Farmington Dental Care
Are All Artificial Sweeteners the Same? Your Beaverton OR Family & General Dentist Breaks Them Down
Are you trying to cut down on sugar? As dentists and health professionals, we definitely support that choice! But be aware: though many drinks and foods claim that they are “diet” and sugar-free, not all artificial sweeteners are created equal. But how do artificial sweeteners and sugar substitutes affect the health of our mouth and teeth?
Scientists are still learning about the health effects that various sugar substitutes have on the human body, but we do know that artificial sweeteners are non-cariogenic, meaning that they don’t promote tooth decay. According to a study by the International Journal of Basic & Clinical Pharmacology (IJBCP), artificial sweeteners may even have an anti-cariogenic effect, meaning they may actually work against tooth decay.
Here is a quick breakdown: properly balanced saliva should be around 6.2 to 7.6, and tooth enamel begins dissolving below pH 5.5. When we consume foods or drink with sugar, the pH in our mouths drops due to an increase in acidity. Conversely, artificial sweeteners seem to do the opposite, which may help balance the pH of our saliva and decrease the amount of cavity-causing bacteria in our mouths. Artificial sweeteners do seem to provide some benefits for our oral health and teeth, but does that mean they are a healthy choice? The short answer is: Not really.
The detailed answer: Though cutting down on sugar is a great choice for your oral and overall health, artificial sweeteners lack nutritional value, and some may even cause unwanted negative effects on your health. If you trade a sugary soda for a diet soda sweetened with aspartame or sucralose, you are simply trading one non-nutritious drink for another. And like regular sodas, diet sodas are very acidic (pH between 3 and 5), which can wear down tooth enamel and contribute to tooth decay. That said, for those trying to make healthier eating decisions, swapping sugars for artificial sweeteners in moderation and limited use is still something we can absolutely support! Let’s take a look at some of the most common sugar substitutes and their various properties.
Popular Artificial Sweeteners:
Saccharin (Sweet’n Low)
The body does not metabolize saccharin.
300 times sweeter than sugar.
Has a notable aftertaste.
May cause allergic reactions and skin allergies, particularly to individuals sensitive to sulfa drugs.
Provides insignificant calories.
180 times sweeter than sugar.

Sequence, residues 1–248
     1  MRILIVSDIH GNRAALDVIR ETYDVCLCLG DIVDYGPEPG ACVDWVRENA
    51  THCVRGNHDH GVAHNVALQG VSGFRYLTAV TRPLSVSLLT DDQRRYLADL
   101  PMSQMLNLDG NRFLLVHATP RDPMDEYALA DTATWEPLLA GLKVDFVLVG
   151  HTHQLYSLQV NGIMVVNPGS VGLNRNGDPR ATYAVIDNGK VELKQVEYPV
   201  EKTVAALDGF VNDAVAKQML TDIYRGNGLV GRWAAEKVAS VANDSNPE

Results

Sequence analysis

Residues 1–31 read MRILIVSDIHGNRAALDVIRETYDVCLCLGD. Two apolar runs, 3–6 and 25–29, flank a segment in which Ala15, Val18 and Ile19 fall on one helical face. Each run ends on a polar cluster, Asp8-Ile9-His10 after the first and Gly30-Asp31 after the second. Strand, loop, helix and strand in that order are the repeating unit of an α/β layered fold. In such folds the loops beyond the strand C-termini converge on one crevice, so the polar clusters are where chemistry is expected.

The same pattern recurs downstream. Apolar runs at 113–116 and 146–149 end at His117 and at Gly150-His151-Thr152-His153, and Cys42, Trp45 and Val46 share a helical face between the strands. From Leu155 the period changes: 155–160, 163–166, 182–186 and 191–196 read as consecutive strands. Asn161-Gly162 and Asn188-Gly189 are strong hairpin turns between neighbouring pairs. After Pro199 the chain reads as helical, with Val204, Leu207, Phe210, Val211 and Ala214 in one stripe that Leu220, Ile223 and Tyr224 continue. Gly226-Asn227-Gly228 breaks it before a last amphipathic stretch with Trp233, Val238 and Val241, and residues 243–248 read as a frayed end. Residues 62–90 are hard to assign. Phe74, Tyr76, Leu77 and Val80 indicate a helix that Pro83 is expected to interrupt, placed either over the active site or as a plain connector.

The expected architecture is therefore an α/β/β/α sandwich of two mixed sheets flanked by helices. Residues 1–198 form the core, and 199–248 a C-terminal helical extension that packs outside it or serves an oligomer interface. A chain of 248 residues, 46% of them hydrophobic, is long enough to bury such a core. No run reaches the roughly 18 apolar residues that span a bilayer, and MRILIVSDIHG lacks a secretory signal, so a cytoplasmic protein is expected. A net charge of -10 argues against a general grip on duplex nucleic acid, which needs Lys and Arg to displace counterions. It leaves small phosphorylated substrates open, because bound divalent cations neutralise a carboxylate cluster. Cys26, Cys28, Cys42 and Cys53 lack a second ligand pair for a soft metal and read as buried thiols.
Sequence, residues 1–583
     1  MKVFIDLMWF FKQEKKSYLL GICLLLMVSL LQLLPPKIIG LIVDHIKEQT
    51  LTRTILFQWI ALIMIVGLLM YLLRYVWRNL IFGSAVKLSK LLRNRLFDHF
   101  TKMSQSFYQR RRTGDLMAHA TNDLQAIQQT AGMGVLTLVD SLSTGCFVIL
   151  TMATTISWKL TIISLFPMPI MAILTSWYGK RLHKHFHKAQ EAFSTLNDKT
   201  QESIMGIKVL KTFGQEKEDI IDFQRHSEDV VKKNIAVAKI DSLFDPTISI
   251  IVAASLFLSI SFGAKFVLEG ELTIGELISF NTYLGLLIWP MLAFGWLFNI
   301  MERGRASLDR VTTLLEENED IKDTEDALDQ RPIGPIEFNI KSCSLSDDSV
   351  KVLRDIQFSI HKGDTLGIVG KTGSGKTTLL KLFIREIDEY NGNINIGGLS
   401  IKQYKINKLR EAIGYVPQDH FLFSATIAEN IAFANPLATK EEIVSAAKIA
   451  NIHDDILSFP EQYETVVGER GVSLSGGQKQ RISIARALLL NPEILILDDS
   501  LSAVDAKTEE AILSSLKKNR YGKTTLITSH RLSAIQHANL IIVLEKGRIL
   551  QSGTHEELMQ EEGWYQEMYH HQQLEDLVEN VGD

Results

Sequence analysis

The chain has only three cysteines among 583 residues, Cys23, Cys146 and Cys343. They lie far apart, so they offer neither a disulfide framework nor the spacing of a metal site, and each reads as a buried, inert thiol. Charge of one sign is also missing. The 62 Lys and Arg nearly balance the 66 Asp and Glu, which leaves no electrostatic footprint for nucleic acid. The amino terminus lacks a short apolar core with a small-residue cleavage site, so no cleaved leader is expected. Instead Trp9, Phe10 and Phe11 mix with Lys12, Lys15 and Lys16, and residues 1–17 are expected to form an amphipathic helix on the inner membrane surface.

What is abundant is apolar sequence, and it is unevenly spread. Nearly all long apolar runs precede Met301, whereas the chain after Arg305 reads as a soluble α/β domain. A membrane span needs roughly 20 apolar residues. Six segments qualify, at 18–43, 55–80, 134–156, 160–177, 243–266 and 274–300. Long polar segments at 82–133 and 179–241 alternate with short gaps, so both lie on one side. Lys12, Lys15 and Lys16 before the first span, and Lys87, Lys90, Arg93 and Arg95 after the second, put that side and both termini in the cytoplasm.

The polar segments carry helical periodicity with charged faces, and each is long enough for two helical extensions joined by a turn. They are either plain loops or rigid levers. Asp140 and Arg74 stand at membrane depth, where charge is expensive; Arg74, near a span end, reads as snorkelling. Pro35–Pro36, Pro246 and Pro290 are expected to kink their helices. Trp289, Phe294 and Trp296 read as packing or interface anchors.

Cannot be used in baking since it breaks down under heat.
Independent studies showed that aspartame caused weight gain and cancer in rats and mice, and “a chemical that has been shown to cause cancer in animals should be assumed to pose a cancer risk to humans.”
Body does not metabolize sucralose.
600 times sweeter than sugar.
Some studies indicate that it may be damaging to DNA.
Sugar Alcohols (Xylitol, Erythritol, Malititol, Mannitol, Sorbitol)
All types of sugar alcohols stimulate the flow of saliva, especially when used in chewing gum or lozenges.
About as sweet as sugar, with about half the calories.
Sugar alcohols do NOT contain ethanol, and are named because their chemical structure resembles both sugar and alcohol, but are different from both.
Consuming high amounts of sugar alcohols may cause digestive issues such as bloating, cramps and diarrhea. Nausea and headaches are other noted side effects.
Specific for Xylitol:
No drop in plaque pH + No adaptation of plaque of fermenting Xylitol in long term use. Xylitol raises the pH of saliva and is indigestible by bacteria
In clinical studies, the mineralization promoting effects of Xylitol may reflect effects on oral flora - it may actually reduce the amount of bacteria in the mouth.
So there you have it! Of the popular sugar substitutes, Xylitol may be the best choice for oral health. It helps stimulate saliva flow, raises the pH of saliva and is indigestible by bacteria. This means that when we consume candies sweetened by Xylitol, bacteria cannot stick to the teeth well, the bacterial growth is greatly reduced, and far less enamel-attacking acid is produced in the mouth.
Whether you decide to add regular sugar, sucralose, or nothing at all to your morning coffee -- Remember to always brush morning and night, and floss once a day to help keep your mouth clean and healthy, and reduce your risk of tooth decay!
14425 SW Allen Blvd #1 Beaverton, OR 97005
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